Why would a physician become a coach?

Back in the day, being a doctor included being a coach. Getting to know our patients, discussing their desires, their strengths and weakness, and how best to approach keeping them healthy within their unique set of life circumstances. Back in the day, we docs could spend an extra ten minutes schmoozing and doctors came to understand their patients' needs and special circumstances.

In this age of commercialized medicine, there is no time to actually get to know our patients-- who have now become our "customers"-- and it is rare that in the 15 minutes or less allotted to the doctor/patient encounter, that there is time for more than a cursory history and physical exam regarding one focused problem, making a diagnosis (assuming it is an easily diagnosable problem), prescribing medication or other instructions, and charting it all in the electronic medical record, or EMR. Half of that 15 minutes may be spent just charting in the EMR.

After 30 years, I had to give it up. Life is too short to be unhappy so much of the time. To dread getting up in the morning to go to work, to spend my days feeling stressed, exhausted, and feeling like a hamster on a wheel. It didn't matter that I was earning more money than I ever thought I would, or that I have a wealth of experience that a few of my colleagues would occasionally ask me to share, or that rarely, I could feel like I made a difference for someone in need. There seems little time or place for that in the "real"world of medicine now.

After I wrote my book, CODE BLUE: The Other End of the Stethoscope, I could not pretend I didn't know how miserable I was. Being true to myself has always been a priority, and to continue to live a life of such darkness was inauthentic for me. And, I refuse to wake up in ten or twenty years and say: why didn't I do something different?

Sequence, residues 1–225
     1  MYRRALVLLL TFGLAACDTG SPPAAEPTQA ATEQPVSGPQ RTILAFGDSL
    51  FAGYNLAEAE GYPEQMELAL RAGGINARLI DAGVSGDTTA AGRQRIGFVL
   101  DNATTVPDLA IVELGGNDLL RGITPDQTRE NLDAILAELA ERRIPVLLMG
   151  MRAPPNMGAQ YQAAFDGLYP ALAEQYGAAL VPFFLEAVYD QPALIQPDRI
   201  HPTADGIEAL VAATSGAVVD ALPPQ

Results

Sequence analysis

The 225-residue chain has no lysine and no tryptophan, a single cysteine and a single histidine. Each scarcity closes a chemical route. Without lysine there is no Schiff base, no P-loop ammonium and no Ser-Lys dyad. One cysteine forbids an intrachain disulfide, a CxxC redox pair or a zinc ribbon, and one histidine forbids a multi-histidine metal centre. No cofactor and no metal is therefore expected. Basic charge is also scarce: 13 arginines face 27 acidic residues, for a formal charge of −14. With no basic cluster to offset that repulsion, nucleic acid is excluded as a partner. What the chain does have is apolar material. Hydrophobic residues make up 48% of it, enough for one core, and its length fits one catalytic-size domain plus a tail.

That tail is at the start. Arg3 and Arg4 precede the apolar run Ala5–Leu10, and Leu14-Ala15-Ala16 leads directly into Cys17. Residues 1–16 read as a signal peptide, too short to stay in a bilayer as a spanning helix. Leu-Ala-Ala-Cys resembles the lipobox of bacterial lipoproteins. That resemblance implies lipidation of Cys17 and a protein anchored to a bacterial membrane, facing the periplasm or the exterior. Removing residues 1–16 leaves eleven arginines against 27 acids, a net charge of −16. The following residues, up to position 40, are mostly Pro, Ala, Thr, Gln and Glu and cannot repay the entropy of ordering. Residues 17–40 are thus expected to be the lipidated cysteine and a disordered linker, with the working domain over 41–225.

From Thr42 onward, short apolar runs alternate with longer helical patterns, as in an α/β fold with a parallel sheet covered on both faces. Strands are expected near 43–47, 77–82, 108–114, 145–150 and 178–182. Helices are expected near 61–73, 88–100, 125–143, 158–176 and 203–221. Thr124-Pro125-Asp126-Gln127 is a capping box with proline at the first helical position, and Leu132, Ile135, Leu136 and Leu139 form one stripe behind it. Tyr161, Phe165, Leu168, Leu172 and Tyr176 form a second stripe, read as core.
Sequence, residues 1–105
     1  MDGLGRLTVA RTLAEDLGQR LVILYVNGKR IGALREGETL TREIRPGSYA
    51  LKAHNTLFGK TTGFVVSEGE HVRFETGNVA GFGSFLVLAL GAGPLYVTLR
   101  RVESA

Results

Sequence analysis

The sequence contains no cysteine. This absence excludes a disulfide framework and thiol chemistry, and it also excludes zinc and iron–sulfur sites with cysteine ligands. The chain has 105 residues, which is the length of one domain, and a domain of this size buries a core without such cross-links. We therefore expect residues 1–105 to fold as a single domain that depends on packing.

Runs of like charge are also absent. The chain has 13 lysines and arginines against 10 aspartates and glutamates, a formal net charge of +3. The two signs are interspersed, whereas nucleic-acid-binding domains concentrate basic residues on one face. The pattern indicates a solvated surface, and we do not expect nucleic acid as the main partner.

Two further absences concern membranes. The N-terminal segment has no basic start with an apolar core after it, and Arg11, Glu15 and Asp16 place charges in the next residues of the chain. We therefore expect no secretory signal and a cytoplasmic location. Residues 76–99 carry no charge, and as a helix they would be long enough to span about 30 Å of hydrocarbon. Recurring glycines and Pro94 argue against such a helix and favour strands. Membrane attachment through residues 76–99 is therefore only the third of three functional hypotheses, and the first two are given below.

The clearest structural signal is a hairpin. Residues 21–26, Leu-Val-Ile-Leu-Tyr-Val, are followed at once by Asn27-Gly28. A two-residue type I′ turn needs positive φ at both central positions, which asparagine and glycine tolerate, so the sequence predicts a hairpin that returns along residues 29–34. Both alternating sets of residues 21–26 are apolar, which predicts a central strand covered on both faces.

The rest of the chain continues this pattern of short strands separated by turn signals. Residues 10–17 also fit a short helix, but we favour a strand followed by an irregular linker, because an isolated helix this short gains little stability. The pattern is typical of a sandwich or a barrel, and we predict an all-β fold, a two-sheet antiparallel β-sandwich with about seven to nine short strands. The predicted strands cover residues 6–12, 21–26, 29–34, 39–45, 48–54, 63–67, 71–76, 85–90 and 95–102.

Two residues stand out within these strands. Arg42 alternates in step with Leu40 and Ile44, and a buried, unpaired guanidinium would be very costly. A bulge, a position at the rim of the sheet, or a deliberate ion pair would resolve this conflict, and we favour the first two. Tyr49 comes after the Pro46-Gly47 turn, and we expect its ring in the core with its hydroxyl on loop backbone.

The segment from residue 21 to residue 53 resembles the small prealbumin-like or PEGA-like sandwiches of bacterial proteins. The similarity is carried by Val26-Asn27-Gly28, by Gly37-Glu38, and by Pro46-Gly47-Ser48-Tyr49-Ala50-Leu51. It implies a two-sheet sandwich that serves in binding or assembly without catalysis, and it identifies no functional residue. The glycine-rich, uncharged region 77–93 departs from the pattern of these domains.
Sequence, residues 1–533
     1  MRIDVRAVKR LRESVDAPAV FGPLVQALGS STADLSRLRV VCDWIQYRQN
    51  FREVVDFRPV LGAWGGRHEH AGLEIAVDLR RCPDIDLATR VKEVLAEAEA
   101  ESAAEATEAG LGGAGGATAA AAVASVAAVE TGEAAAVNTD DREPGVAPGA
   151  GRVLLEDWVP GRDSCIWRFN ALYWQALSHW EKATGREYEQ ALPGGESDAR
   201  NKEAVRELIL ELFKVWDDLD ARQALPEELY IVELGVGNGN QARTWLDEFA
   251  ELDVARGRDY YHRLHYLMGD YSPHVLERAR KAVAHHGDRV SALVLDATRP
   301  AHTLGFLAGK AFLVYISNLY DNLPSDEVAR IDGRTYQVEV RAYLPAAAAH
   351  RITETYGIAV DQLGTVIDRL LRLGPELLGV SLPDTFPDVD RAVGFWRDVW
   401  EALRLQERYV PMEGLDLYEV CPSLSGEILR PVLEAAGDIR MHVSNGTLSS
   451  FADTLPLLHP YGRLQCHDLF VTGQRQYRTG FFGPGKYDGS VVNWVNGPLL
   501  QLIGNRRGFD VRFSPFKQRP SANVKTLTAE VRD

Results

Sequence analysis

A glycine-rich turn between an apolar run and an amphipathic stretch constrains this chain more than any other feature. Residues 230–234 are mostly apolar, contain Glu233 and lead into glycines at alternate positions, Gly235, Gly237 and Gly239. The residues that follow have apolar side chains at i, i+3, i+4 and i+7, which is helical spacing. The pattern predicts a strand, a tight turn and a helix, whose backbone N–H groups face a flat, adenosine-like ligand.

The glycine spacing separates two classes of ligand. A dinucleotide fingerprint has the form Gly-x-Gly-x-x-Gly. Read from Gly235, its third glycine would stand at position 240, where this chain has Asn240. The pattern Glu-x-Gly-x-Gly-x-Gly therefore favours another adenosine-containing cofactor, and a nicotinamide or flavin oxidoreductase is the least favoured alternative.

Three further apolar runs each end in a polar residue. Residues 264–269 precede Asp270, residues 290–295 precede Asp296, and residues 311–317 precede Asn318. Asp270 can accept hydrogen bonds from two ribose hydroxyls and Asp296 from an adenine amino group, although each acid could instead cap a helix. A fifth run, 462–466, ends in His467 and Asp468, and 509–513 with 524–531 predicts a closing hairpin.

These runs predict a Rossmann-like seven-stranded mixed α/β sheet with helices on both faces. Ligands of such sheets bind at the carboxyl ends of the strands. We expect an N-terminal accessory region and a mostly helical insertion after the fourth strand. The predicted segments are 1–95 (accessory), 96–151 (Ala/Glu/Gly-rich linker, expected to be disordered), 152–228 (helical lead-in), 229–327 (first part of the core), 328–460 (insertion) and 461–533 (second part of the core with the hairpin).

So now I am a coach. A coach does NOT diagnose, treat, refer, or make medical recommendations. I leave my medicine hat off and instead, I get to spend time talking to clients, getting to know them, and helping them discover their inner strengths. I can help them devise their own strategies, cheer them on, and together we can celebrate their victories, big and small. I can do those human things I used to really enjoy about being a doctor. And, no more prescriptions (which may or may not be covered), no more insurance authorizations (which may or may not be forthcoming), and no more hoping I haven't missed something in a diagnosis because maybe I didn't get to hear the whole story in the three minute history of a patient's illness. How could I, when I'm expected to see 50 patients in a day? Now I just attend to the human side, my patients' and my own.

Because often, we know the answers to the important questions in our lives, but we shy away from facing the questions themselves. Because change is scary. But as the plaque on my kitchen wall says:

Life is change
Growth is optional
Choose wisely


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